Palestinian guitarist Michel Sajrawy was shredding in a Nazareth basement with his buddies when he found the answer: a guitar technique that let him play both Arab and Western melodies with perfect flexibility.
“Suddenly I came up with a maqam-based solo, in the middle of a rock song,” Sajrawy recalls. “My musician friends were fighting me, shouting, ‘It’s maqam! You should play traditional rock!’ I have a unique way that makes me produce these sounds on ordinary guitar, with total freedom to play everything from maqamat to bebop lines.”
After years of refining his approach on stage and in the studio, including on two well-received albums (Yathrib
and Writings on the Wall
), Sajrawy has brought his explorations to thoughtful fruition on Arabop
, a series of polished tunes that organically unite the modes and forms of Arab music from Egypt to Saudi Arabia, and the high-energy creativity of bebop. Whether rethinking Arab classics (the spitfire “Longa Farah Faza”) or crafting originals that move fluidly between jazz and Arab idiom (“Arabop”), Sajrawy’s focus, drive, and innovative touch show how in the right hands, east and west do more than meet; they merge.
“I want to have my own style and flavor,” Sajrawy notes. “I don’t want to sound like another musician. I want to reflect the culture of the region I live in.”
As a Palestinian Christian with an Israeli passport and a British conservatory education, Sajrawy finds that uniting disparate cultural and sonic worlds comes second nature. Yet to find the right way to express this intersection — where Pat Martino
meets the chanting of the Koran, say — took extensive practice.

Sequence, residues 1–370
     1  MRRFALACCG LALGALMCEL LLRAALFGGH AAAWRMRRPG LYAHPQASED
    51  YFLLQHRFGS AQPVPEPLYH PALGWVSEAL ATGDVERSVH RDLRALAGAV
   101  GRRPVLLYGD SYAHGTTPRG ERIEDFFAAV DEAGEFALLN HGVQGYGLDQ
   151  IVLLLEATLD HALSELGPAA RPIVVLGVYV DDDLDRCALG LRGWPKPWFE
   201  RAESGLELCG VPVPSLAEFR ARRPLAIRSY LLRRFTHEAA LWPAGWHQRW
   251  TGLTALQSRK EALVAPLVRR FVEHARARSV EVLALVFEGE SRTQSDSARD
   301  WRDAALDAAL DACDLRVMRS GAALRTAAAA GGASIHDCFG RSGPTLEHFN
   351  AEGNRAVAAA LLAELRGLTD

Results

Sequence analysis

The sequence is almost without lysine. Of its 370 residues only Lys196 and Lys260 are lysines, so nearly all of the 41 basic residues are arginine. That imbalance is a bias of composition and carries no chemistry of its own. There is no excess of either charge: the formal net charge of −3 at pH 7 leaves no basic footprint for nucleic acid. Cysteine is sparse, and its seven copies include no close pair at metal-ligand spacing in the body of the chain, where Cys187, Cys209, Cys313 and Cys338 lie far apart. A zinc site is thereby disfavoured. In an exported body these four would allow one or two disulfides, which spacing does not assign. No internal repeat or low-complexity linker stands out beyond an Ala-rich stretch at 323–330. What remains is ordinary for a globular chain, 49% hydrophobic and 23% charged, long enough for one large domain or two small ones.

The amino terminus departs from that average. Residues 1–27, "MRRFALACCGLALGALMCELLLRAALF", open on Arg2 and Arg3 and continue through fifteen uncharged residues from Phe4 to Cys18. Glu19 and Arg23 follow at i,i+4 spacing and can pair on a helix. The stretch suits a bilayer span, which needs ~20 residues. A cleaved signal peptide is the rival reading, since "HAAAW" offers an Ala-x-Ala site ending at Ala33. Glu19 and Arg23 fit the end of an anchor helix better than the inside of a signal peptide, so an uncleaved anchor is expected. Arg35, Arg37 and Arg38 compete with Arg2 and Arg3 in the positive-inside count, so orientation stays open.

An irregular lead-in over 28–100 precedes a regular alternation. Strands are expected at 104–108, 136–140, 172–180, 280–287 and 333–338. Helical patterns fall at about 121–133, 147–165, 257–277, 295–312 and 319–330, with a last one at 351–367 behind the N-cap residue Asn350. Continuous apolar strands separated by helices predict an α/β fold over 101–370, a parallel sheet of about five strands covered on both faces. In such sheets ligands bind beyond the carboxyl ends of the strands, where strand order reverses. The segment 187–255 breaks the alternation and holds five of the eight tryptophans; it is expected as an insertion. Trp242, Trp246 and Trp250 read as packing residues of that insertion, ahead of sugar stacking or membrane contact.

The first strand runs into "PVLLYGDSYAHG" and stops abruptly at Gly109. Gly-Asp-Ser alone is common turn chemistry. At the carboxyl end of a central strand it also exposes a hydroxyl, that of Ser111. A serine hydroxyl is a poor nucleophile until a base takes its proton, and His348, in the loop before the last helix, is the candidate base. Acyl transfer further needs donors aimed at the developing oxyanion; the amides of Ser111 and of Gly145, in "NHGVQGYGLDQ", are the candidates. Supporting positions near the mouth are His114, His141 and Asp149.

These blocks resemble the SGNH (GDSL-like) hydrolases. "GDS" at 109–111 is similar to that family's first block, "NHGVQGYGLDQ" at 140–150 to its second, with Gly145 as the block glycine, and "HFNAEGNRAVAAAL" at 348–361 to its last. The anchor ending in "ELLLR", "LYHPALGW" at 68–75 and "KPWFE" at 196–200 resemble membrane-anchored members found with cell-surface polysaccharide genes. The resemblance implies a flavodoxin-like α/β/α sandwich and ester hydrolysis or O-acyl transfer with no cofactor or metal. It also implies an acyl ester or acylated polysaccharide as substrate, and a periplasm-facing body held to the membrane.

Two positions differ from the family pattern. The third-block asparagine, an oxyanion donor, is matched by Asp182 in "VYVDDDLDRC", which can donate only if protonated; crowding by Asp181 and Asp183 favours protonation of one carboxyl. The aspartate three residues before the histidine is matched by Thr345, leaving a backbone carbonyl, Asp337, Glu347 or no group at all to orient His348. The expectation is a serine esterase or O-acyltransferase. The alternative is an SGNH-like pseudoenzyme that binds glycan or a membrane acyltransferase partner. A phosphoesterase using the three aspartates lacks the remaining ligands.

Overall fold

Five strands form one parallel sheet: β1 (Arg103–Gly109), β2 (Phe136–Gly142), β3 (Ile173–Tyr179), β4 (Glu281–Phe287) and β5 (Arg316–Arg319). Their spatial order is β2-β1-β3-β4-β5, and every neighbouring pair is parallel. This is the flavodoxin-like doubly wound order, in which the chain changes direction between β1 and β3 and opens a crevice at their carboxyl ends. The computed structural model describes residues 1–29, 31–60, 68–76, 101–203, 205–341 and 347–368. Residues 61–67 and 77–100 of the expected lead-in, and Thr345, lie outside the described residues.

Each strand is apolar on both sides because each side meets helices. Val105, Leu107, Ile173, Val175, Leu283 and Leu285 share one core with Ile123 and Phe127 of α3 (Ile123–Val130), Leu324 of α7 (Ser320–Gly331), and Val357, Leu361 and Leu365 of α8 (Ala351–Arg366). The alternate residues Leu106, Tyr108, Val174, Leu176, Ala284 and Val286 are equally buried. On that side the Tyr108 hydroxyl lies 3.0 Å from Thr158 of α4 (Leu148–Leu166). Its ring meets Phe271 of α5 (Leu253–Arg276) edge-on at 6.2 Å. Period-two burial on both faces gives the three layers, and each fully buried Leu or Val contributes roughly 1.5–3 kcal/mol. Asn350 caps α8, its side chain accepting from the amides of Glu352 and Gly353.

Instead of using a fretless guitar or adding additional quarter-tone frets, Sajrawy found he could express the maqamat modes, rich with evocative gradations in tone and tuning, on a regular old guitar. Additional frets, especially high on the neck, hamstrung him, and he found the sound of a fretless did not have the right feel.
“How can you make these tones on a fretted instruments? I didn’t find solution in changing the strings. I’m playing a standard guitar, but I’m free to play the maqam on the inside position, which is narrow,” he explains. “How can you put your finger there, if you add more frets? It’s not practical. You’re limited. You can’t fuse things.”
Sajrawy figured out how to bend notes and play modes in complex ways without altering his instrument, for Arabop
, the well-loved Stratocaster he had played since his teen years. The focus on techniqu e over modifications allows the guitarist to shift smoothly between scales, approaches, and idioms. And Sajrawy has many at his disposal, in addition to jazz and rock, from folk sounds from Syria to klezmer-inflected moments.
The darbuka-powered “Tojann” dances with gritty, modal play; Sajrawy’s guitar finds both precision and expressiveness, over side jazz lines and passionate drumming. “Syncretic Beliefs” harnesses melodies inspired by Koran recitations, and free and evocative percussion and upright bass, to complement Sajrawy’s rippling, quicksilver guitar. Arabop
moves from driving to drone-rich, from lush to lyrical.
Recruiting an ensemble of similarly broad-minded musicians from the Northern Israeli scene (Nazareth is a cultural hub for the region) while drawing on his extensive international performance experience, Sajrawy feels integrating sounds and welcoming listeners from both East and West is key to his a rtistic vision.
“I practice jazz improvisation, dig into the history and practice of both worlds, East and West” reflects Sajrawy. “My passion is in both places. I really love the music of my culture, and I really love jazz. I feel both in my blood. I don’t want to stop, to choose.”